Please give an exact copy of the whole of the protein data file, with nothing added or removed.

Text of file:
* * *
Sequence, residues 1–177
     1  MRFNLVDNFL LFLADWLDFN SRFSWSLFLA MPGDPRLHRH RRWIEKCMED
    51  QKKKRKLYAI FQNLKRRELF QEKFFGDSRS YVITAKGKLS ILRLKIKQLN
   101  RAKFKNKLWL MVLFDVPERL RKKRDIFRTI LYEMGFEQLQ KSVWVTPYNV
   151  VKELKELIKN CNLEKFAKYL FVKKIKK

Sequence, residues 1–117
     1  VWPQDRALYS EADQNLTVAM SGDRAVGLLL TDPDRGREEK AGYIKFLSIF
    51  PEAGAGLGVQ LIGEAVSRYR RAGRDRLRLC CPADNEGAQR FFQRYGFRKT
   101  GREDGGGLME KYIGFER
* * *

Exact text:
Sequence, residues 1–177
     1  MRFNLVDNFL LFLADWLDFN SRFSWSLFLA MPGDPRLHRH RRWIEKCMED
    51  QKKKRKLYAI FQNLKRRELF QEKFFGDSRS YVITAKGKLS ILRLKIKQLN
   101  RAKFKNKLWL MVLFDVPERL RKKRDIFRTI LYEMGFEQLQ KSVWVTPYNV
   151  VKELKELIKN CNLEKFAKYL FVKKIKK

Sequence, residues 1–117
     1  VWPQDRALYS EADQNLTVAM SGDRAVGLLL TDPDRGREEK AGYIKFLSIF
    51  PEAGAGLGVQ LIGEAVSRYR RAGRDRLRLC CPADNEGAQR FFQRYGFRKT
   101  GREDGGGLME KYIGFER